The NFL schedule is expected to be announced this week and it will be interesting to see how Season One of the two-year deal at TCF Bank Stadium is going to play itself out.
The NFL has been no stranger to dealing with the headaches that Minnesota has given the league in making up the schedule. As one of the few remaining stadiums that shared a facility with a baseball team, the NFL always had to work out the Vikings Metrodome availability with the Twins. Not only couldn't they share home dates during the preseason and the first month of the season when the Twins were playing September baseball, prior to the Twins leaving for Target Field in 2010, they were playoff contenders on a pretty regular basis and the NFL had to take October baseball into account as well. Even if the Twins weren't contenders, the NFL couldn't assume that when it released its schedule in April.
It would appear the conflicts between the multiple tenants of TCF Bank Stadium may be even worse.
We've already seen the first impact of the agreement reached by the Vikings and University of Minnesota officials. Part of the agreement said that the Vikings wouldn't have a home game during the Minnesota State Fair, which runs for a little less than two weeks and ends on Labor Day. For that reason, the Vikings will have their first two preseason games at home and their last two preseason games on the road.
But it doesn't stop there.
The schedule can't include home games on Sundays when the Gophers have home games of their own. The Gophers will be at home Sept. 6 and 20, Oct. 11 and 18 and Nov. 8 and 15. As a result, without the schedule even being released, we know that the Vikings will be on the road Weeks 1 and 3, which means that they almost surely will get their bye week in November since the Gophers close out their homes schedule in consecutive weeks.
It doesn't stop there.
Another caveat in the agreement is that the Vikings can't have a home game on a weeknight while school is in session. The fall semester at the University of Minnesota runs from September to mid-December – the vast majority of the season. Given their 2013 season, the NFL isn't going to schedule the Vikings for a home game in the final three weeks of the season. That will be reserved for teams like Denver, Seattle, New England, San Francisco or Green Bay. Not only is Monday night out, but the NFL doesn't schedule Thursday games the final two weeks of the season so, for the most part, any home Thursday game is off the table.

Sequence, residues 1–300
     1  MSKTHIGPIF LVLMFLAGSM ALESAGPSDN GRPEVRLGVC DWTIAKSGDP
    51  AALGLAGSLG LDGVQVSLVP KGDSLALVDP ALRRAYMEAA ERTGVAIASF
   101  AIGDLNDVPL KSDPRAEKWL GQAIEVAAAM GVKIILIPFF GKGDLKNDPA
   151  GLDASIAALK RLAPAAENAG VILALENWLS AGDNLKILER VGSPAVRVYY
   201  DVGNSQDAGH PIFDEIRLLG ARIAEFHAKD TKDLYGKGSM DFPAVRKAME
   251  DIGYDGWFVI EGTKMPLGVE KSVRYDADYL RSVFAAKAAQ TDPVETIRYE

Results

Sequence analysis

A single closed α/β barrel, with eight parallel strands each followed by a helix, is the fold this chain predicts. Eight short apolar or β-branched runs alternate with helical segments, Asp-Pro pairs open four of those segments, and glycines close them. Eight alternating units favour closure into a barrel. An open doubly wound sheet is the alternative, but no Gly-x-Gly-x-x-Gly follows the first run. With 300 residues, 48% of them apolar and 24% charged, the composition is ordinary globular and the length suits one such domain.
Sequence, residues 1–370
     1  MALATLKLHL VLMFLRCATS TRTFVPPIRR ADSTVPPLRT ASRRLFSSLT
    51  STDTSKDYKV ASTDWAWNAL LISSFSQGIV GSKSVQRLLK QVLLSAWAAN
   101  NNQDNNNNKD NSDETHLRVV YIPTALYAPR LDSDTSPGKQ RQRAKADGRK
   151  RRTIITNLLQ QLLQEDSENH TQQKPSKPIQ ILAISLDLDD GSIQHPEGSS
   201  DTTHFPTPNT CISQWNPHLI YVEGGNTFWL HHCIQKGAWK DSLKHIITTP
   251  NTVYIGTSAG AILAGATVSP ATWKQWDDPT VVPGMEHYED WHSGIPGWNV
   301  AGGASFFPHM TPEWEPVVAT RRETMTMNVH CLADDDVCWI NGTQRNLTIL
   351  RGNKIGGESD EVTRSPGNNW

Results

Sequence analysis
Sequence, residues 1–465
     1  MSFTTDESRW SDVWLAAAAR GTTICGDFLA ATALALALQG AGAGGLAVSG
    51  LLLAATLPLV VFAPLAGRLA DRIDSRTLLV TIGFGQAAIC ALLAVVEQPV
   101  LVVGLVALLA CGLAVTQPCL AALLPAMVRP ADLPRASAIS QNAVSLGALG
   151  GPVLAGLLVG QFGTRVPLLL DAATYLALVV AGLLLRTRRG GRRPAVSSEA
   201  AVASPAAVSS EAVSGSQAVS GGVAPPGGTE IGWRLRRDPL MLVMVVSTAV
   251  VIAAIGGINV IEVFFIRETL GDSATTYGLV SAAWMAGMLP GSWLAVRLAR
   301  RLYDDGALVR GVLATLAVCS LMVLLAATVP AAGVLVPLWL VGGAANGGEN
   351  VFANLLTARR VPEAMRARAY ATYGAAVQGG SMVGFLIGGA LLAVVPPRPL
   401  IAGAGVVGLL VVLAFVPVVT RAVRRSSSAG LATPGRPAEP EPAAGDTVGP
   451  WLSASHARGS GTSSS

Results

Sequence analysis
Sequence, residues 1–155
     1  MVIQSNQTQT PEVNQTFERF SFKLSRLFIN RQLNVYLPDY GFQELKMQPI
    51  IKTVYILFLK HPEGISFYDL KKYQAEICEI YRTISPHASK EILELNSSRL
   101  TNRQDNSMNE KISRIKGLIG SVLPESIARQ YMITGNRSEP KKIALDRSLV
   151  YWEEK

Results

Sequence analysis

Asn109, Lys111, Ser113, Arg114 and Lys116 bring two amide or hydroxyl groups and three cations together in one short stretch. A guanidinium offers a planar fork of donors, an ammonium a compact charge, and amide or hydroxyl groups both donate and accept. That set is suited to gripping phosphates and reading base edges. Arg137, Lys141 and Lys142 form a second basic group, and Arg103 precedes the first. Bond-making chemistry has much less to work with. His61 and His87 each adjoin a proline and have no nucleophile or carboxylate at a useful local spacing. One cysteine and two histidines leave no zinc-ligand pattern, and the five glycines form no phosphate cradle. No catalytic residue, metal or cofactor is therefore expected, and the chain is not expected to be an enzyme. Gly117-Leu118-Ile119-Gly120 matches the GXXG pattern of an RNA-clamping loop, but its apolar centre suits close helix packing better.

Seeing as Monday is a school day, it's unclear if Sunday night would be viewed as a school night, but that could potentially take that out of play as well.
The result? If the Vikings get more than the one prime-time game every team is guaranteed under the current television contract, you can almost rest assured that, barring a Thanksgiving night game, the Vikings likely will have most or all of their home games at noon local time on Sunday.
The Vikings may find themselves in a couple of prime-time games when the schedule is released, but the window for them to have one (if any) of them at home is looking pretty unlikely.
The logistics of filling out a schedule for 32 teams is cumbersome as it attempts not to give one team a competitive advantage over another – you don't see Miami getting three outdoor division road games in a row in December. It just doesn't happen because it wouldn't be fair. As difficult as that process is, the Vikings have a series of scheduling demands put forth from their stadium agreement while the new facility is being built that throws yet another wrench into the system.
There's no saying that the NFL is going to "stick it" to the Vikings, but, if they were going to stick it to anyone with an unfavorable schedule, human nature would say it's the one that is the biggest pain to the schedule-making wizards.
John Holler has been writing about the Vikings for more than a decade for Viking Update. Follow Viking Update on Twitter and discuss this topic on our message boards. To become a subscriber to the Viking Update web site or magazine, click here.
Stadium contract limits prime-time games
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